Hello and welcome to RWD Weekly edition #282.
This week there were a couple of articles that called attention to AMP and the way in which it is possibly gaining traction under false pretences. These articles are our features this week and did cause a bit of a stir when The Register picked up one of the stories and ran waaay to far with it. The lead of the AMP Project rightly defended the post, however, the positioning of one of the tweets in the response seems to have AMP deviating away from the positioning that I had thought they were holding.
When AMP first became a thing Paul Bakaus, who is an incredibly bright and brilliant developer, positioned it in the same way as jQuery, and in that way AMP was here to help us get over the performance issues today but to fade away into the distance as sites became more and more performant without the restrictions and requirements that AMP places.
It’s an interesting time.
Oh, and before we get into the links don’t miss the FREE .design domain name for all RWD Subscribers down below…. that’s a saving of $35!
Ethan writes about how we look a the systems and technology we choose to use in our projects. We shouldn’t just implement tools without considering WHO benefits from them rather than WHAT benefits there are. Ethan puts this lens on the AMP project (in particular, but it also extends to FB Instant Articles and Apple News) and how it impacts the Open Web.
Jeremy backs up Ethan’s article this week with a fairly scathing article on AMP and how it is being positioned. I’m trying my best to be as even minded as I can but I find myself siding with the ideas of both Jeremy and Ethan. I want a faster web, but not one that relies on AMP. The article looks at the way AMP is marketed and positioned vs how Jeremy believes it actually applies itself.
Reasons to: is the award-winning international design and code conference with a festival vibe. I attended my first this year in Brighton and have already snapped up my ticket for London next March. It literally has changed the way I work and caused me to become more creative in my day to day life.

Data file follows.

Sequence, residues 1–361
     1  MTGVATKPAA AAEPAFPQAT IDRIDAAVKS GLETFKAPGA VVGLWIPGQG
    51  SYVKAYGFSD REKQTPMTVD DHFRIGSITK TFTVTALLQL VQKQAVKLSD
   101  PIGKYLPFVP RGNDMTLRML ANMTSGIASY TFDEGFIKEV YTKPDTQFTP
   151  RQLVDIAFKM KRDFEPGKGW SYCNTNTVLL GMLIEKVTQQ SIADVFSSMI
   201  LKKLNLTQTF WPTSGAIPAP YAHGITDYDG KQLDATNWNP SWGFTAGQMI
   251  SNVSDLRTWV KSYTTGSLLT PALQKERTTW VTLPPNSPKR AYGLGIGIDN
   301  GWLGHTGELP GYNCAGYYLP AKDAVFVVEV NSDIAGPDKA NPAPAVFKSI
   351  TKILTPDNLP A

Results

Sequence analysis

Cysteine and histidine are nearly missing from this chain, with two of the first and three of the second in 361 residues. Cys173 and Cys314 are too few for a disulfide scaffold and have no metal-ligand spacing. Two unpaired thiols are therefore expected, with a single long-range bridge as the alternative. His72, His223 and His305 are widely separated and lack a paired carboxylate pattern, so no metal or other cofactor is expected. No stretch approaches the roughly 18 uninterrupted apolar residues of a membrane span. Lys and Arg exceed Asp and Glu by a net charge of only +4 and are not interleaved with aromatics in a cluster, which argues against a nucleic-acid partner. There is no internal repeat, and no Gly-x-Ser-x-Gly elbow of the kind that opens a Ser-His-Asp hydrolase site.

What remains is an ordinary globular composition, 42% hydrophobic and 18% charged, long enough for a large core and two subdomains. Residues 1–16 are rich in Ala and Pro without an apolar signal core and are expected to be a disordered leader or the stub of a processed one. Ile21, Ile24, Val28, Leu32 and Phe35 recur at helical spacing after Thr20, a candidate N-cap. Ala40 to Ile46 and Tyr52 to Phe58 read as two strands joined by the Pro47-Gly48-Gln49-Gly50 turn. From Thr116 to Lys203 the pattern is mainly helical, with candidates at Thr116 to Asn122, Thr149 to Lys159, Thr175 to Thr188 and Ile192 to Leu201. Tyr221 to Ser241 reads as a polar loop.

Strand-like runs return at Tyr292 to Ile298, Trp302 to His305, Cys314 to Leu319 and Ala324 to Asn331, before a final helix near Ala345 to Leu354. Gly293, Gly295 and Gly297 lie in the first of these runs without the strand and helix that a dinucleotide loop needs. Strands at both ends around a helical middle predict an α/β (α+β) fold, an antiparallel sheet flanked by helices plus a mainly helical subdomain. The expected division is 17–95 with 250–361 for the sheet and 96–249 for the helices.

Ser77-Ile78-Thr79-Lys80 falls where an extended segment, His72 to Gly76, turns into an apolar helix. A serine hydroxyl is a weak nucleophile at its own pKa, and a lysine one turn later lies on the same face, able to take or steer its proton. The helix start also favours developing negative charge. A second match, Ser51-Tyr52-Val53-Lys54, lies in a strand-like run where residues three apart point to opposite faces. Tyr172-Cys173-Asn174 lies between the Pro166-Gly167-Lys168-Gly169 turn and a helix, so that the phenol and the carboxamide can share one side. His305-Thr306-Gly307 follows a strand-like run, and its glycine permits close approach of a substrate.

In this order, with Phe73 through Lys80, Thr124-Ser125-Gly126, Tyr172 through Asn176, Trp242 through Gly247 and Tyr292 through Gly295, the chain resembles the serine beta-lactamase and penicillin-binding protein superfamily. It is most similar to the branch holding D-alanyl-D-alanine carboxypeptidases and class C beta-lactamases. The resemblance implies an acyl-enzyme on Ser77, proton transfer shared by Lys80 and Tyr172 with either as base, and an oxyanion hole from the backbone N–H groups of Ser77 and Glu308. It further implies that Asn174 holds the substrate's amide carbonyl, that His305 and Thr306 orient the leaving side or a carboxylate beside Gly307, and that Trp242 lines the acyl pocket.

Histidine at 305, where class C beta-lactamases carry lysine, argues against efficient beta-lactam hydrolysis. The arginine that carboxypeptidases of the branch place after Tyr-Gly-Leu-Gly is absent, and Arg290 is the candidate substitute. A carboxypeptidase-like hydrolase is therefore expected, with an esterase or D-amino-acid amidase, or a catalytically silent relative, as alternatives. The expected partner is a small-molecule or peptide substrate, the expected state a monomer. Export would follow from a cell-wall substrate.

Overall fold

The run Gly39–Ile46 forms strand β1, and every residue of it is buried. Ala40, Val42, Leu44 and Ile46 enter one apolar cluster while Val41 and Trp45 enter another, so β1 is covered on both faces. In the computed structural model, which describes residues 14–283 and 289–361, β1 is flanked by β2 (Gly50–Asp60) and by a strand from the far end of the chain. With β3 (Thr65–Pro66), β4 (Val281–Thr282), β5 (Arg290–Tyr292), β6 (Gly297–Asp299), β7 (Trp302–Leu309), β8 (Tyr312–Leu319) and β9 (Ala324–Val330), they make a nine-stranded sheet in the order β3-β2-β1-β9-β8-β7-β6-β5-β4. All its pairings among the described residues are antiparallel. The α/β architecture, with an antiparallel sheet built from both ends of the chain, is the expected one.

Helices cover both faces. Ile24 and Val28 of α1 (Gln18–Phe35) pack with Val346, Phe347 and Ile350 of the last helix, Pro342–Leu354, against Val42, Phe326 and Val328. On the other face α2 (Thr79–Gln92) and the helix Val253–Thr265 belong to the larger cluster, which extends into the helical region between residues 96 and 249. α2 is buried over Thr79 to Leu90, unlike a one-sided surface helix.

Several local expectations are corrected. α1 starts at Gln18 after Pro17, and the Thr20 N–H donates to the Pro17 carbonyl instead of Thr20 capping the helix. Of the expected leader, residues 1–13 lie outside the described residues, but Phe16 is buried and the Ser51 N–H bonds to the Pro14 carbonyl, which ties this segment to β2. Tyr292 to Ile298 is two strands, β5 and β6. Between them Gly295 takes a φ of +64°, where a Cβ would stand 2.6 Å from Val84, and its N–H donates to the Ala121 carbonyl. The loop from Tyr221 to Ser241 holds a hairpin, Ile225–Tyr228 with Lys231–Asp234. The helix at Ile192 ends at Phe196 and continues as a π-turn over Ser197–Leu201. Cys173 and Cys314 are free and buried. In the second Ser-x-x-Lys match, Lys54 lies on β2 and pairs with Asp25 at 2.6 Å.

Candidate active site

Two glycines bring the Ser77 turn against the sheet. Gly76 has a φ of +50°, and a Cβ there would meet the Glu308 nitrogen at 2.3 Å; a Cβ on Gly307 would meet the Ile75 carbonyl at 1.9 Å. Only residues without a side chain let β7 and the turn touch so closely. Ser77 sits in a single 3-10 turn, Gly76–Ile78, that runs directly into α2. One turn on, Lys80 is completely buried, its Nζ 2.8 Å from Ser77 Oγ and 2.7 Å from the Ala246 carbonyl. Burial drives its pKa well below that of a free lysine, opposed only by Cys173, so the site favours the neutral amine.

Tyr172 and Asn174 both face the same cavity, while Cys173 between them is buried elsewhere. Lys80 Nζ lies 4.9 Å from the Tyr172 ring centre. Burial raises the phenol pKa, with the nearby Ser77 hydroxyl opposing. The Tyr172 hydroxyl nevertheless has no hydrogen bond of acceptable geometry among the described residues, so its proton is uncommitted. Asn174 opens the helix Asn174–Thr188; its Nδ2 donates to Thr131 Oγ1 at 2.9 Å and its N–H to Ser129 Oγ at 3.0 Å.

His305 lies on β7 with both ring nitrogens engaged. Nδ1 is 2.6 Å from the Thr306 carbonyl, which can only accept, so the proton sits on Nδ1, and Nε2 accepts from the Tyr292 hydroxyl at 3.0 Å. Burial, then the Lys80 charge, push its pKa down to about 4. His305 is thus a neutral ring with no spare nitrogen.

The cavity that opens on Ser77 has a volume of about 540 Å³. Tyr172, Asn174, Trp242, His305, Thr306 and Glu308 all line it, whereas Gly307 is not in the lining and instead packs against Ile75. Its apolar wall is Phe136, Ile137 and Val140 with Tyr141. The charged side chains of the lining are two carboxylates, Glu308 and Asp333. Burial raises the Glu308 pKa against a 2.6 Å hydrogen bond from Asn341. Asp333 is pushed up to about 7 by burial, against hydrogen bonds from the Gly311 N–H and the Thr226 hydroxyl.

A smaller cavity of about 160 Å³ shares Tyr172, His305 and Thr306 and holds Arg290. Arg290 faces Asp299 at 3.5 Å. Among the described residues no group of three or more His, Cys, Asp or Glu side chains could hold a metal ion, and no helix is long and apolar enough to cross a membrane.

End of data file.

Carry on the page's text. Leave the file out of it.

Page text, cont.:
A harrowing tale of what could happen to the web with a continued rise of Google, Facebook and Amazon.
When we first bought a 360 camera for work (the Samsung360 model from last year) it took me a while to explain to some of the creative team how shooting in 360 was different from standard film making… that they no longer had control of the shot so the person watching needed to be led to watch certain areas. VR has similar issues when you’re trying to sketch out and prototype interfaces. With that in mind what better way to do this than directly within VR itself… and this is exactly what the team at Shopify have done.
Samsung web browser has had an upgrade and is now supporting CSS Grid Layout.
I love it when people share how the built things! This covers how you can use SVG and clipping paths to make some pretty unreal visual designs on the web.
Surma talks you through (and provides a github project to download all the code) how you can set up your wordpress site to become a PWA.
SSL certificates, Compression with Brotli, HTTP2, WebP images, plus much more…. this post has got a lot of great ideas to make your site better.
Vue Design System is an open-source tool for prototyping UI design systems built by @viljamis. It provides you and your team a set of organized tools, patterns & practices to build upon, so that you can get started with the actual design system faster.
Mindshow lets you make animated movies in VR! Personalize your show by choosing a world to inhabit and decorating it with props.
A Utility-First CSS Framework for Rapid UI Development. Be prepared to use a tonne of classes on this one.
The Ultimate Optimization Tool For Modern Web Development
This is a great little library, especially if you’re looking to animate changes between CSS Grid Layouts.
GitHub-inspired simple and modern charts for the web with zero dependencies (other than its own JS library of course).
Easily create 3D forms using volumetric shapes. Model with intuitive tools that allow you to explore variations of expression and add detail as you sculpt.
.design domains were just released and some of the best ones are still available. Normally cost $35 but Responsive Design Weekly subscribers get them now for FREE
Turning a codepen into a musical instrument.
That’s it for this week.
Massive congratulations to all the Houston Astro fans out there and commiserations to the Dodgers fans…. I had a lot of late nights watching it here in the UK.
See you next week!